The other category of behavior (the hoverers) uses a very different strategy that relies on the inherent limitations of the patroller strategy. Females won't have copulated with a patroller if they weren't found before emerging, or if they departed while the male that found them was fighting off a rival. The hoverers will wait either near plants that are close to emergence areas, regardless of whether the plants are flowering, or at flowering trees and shrubs well away from the emergence areas. These bees will hover anywhere from a few centimeters to eight meters in the air. Since patrollers are generally looking at the ground to find emergence areas, hoverers have less competition over escaped females. Those that are close to the emergence areas are able to quickly spot any females that got away from the patrollers. Male bees that are away from emergence areas stake out flowering plants in the hope that virgin females will arrive seeking food. Also, low-emergence areas are less likely to be patrolled, and thus, more females emerge without copulating.[9]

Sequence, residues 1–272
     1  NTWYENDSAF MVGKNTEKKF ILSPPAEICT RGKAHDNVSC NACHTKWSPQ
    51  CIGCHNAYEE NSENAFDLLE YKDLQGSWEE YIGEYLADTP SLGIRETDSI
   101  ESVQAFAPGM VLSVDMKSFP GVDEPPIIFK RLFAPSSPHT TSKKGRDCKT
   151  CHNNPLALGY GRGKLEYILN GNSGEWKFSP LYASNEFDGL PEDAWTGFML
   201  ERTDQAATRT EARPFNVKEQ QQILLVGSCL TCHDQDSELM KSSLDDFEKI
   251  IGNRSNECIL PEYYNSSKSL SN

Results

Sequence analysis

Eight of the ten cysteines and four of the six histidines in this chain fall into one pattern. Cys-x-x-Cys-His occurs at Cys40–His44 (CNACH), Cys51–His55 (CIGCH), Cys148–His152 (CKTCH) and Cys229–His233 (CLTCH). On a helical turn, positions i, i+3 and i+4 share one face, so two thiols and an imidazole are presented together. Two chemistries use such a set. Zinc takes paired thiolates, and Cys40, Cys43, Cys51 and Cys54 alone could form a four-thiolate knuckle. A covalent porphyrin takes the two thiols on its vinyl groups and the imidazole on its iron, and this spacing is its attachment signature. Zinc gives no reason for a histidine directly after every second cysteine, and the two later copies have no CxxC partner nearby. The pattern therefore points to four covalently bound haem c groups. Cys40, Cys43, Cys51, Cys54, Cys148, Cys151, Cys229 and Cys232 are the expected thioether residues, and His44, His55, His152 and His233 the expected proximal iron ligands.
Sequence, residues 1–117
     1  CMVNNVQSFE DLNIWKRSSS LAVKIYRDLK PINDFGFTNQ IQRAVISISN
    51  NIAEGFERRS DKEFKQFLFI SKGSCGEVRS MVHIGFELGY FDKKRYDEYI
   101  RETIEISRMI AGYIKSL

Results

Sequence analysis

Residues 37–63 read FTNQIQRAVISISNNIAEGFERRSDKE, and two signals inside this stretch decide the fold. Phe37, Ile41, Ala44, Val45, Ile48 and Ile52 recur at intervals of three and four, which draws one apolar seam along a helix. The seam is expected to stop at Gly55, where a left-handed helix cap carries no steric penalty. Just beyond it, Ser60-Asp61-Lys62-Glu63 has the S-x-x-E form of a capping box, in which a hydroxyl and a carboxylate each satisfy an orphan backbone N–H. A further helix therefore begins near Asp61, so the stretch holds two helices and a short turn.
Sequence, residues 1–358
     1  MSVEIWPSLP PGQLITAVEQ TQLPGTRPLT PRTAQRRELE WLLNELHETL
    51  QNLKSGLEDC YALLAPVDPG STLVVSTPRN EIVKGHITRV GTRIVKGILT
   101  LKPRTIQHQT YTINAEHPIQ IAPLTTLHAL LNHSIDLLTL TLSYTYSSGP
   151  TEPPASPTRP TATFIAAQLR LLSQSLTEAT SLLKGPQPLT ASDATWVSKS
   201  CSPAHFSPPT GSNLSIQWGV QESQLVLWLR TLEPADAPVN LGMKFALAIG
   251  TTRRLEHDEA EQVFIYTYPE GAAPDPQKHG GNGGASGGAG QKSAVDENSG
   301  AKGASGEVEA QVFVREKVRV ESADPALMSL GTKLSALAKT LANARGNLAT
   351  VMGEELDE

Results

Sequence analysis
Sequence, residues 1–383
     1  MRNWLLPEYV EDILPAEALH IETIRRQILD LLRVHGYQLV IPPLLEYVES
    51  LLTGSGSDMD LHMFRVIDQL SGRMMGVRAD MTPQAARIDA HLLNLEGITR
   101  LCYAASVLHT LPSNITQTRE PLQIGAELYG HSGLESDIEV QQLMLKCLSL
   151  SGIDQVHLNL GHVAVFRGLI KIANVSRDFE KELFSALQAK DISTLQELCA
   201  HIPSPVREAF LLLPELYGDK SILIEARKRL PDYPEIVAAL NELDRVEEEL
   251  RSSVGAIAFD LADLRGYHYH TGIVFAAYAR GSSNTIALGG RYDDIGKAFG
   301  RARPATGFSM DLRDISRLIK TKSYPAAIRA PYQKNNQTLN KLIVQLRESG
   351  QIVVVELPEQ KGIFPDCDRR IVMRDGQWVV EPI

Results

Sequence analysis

This bee is black and densely covered in a grey pubescence or fur on the dorsal side. The thorax fur has a slightly yellow color. The legs have a mixture of black and reddish fur. The ventral side of the bee is covered in a brownish or dark yellow fur. The wings are fairly transparent except for the black veins that run through them. Males and females are similar in size at about 16–17 millimeters. Males have eyes more yellow in color, and their thorax fur is lighter. Females have eyes more green in color, and their thorax fur is more brown than grey.[3]